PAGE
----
Monday, March 7, 2016

Success, Competition, Perfection, and Trying to be "The Best"

I actually really like the theme that this touches on, though I have to admit I found a few of the panels a bit confusing, ehehehe ^^;

I think the struggle to compete, to be our best, to "be a master" as Pokémon would put it, is a very real thing that is present in our lives whether we feel it or not.  I think a lot of people can really empathize with feelings of inadequacy, self-loathing, and shame, perhaps sometimes in relation to other people around us, perhaps sometimes because of opinions that others have, or perhaps sometimes because of no one else but our own selves.

Like it or not, it is nigh impossible to really be "the best" or "perfect" at anything, and when I think about it, it's a bit concerning that the "heroes" and protagonists in our stories often get their happy ending by triumphing and succeeding over everyone else.  Quite often we have the cliché narrative of the good-at-nothing hero who manages to overcome all odds and beat everyone else because of either his determination, persistence, courage, or what have you.  In some extremely rare cases it's actually because he is genuinely an amazing and empathetic good-hearted person -- looking at you, Steven Universe! -- but most of the time it's a story about how the good-for-nothing brat manages to beat the talented genius or evil megapower simply because he tried hard enough.  And isn't that wonderful?  That we can instill these (capitalistic) values of hard work, determination, etcetera and give people hopes of succeeding in the face of all odds because if you believe in yourself, anything can happen?

First of all, I'm the one coming from the perspective of the "talented genius" here.  What exactly am I supposed to take away from these stories?  "don't be an asshole"?  "watch your back?"  I'm STILL figuring out how to be good at something in a way that is respectful and helpful to others and part of me wonders if it's perhaps because I had no good role models or guidelines to follow?  During those few times when I watched some stream videos for League of Legends to see what the gameplay for a certain character was, I witnessed people trash-talking, laughing and deriding enemies and teammates alike, and throwing around "noob" and "suck" more times than I'd care to admit -- is this the kind of behavior we as a community would like to promote for people who are skilled and/or exceptional at something?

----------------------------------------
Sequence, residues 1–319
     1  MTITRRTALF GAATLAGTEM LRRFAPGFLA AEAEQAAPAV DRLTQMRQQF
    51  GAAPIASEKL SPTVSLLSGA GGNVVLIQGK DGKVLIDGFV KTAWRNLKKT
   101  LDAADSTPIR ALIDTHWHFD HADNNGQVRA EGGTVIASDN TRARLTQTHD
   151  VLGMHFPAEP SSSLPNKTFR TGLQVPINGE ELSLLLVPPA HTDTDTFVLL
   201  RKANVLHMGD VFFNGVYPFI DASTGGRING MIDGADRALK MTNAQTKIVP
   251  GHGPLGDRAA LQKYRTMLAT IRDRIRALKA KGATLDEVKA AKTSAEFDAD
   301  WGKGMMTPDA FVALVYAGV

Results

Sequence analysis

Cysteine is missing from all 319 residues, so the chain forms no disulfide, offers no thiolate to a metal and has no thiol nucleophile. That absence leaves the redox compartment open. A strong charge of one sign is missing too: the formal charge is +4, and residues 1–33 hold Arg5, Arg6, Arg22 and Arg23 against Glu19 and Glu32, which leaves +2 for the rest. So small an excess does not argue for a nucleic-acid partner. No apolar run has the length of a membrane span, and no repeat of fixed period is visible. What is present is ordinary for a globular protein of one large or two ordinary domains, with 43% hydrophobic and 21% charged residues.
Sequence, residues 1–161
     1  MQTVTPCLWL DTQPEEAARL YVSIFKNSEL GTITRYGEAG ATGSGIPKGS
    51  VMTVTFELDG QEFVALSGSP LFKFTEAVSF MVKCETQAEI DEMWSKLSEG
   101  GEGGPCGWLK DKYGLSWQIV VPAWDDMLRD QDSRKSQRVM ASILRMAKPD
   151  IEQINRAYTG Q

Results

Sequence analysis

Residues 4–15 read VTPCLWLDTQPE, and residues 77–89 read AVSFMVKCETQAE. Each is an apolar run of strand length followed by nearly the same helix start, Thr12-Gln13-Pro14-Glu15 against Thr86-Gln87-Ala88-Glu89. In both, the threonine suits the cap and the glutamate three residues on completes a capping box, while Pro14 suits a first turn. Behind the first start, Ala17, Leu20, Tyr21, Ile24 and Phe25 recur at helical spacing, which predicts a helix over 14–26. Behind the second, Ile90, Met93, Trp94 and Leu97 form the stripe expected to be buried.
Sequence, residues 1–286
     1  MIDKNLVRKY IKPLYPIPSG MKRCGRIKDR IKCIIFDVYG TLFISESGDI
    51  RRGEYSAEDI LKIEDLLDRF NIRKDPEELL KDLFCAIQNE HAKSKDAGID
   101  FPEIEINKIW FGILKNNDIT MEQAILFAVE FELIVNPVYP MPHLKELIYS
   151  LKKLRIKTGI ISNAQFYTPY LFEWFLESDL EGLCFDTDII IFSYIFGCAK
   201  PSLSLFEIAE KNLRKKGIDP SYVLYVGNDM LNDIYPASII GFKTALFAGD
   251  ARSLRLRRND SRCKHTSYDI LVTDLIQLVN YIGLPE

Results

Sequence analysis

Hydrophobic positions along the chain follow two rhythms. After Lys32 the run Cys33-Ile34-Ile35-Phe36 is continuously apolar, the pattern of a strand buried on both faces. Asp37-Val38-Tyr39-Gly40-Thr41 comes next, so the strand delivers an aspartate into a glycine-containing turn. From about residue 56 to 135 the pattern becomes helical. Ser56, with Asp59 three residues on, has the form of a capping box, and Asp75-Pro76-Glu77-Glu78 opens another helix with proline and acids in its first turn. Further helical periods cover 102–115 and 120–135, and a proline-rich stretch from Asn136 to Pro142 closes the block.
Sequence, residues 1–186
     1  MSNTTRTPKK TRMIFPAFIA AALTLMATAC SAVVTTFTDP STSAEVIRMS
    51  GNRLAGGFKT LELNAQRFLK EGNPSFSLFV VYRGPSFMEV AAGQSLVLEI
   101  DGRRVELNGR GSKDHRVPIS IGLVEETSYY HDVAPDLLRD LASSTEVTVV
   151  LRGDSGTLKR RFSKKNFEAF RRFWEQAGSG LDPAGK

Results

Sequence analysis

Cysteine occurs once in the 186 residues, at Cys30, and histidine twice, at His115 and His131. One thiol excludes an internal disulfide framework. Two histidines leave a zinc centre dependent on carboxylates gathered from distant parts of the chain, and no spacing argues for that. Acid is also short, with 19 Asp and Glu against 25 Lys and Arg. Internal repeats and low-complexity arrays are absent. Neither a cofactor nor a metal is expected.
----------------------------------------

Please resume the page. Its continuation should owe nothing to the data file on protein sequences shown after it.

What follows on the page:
Secondly, maybe we should consider that there might be a real concern in believing that "you'll always get there".  I think the main problem I had with the comic linked at the top of this post was its resolution.  To me, there is =almost= an air of "Don't worry if you don't have 1 million followers yet!  Concentrate on the fact that you have 10!"  Now, I don't think that is really what the intent was; I think the point was more to say something like "It's not about the number of followers you have -- it's the fact that someone really appreciates your work."  But that aside, I think it's a real danger to look upon success as the measure of your worth, and I say that as someone who has constantly striven for success in almost every part of their life.

Does success bring you more happiness?  More friends?  More popularity?  What does success bring you, really?  I thought about these things as I considered how unskilled I was at dancing WCS and I asked myself, "If I really got much better at dancing WCS what would I get out of it?"  Judging from my past experience with waltz* where I am already at the expert level*, I would probably feel much less afraid of doing things wrong while dancing, and much more confident in myself.  I would also probably have much less tolerance for dancing with other people who don't know what to do.  I wouldn't have any more friends than I do right now.  Maybe I'd have less.

While it's natural for us to want to show our best sides and to practice refining ourselves until we are "perfect" to show off to others, I think it is nothing more than a =crutch= if we solve our self-confidence problems by attempting to make ourselves better.  Sometimes you need to take a step back and ask yourself what is really important.  If you are feeling depressed about art, dance, music, work, or life because you don't think you are good enough at it, or because there is someone better than you, maybe the answer is not to just improve until you are the best.  That's both unsustainable, and moreover, illogical: what happens if everybody feels the same way?  What, so only ONE person at the very top can be happy?  Are you kidding me?  The answer is not to try to be at "the top" by improving until you are the best, and the answer is not to try and be at "the top" by isolating yourself and disregarding everyone above you.  Instead we need to redefine what "success" means to us as well as "failure".  What is really important in life?

Yes, yes, I'm calling the kettle black here.  Still learning too.

tl;dr: Steven Universe and Undertale teach us the right lessons about life, blah blah blah

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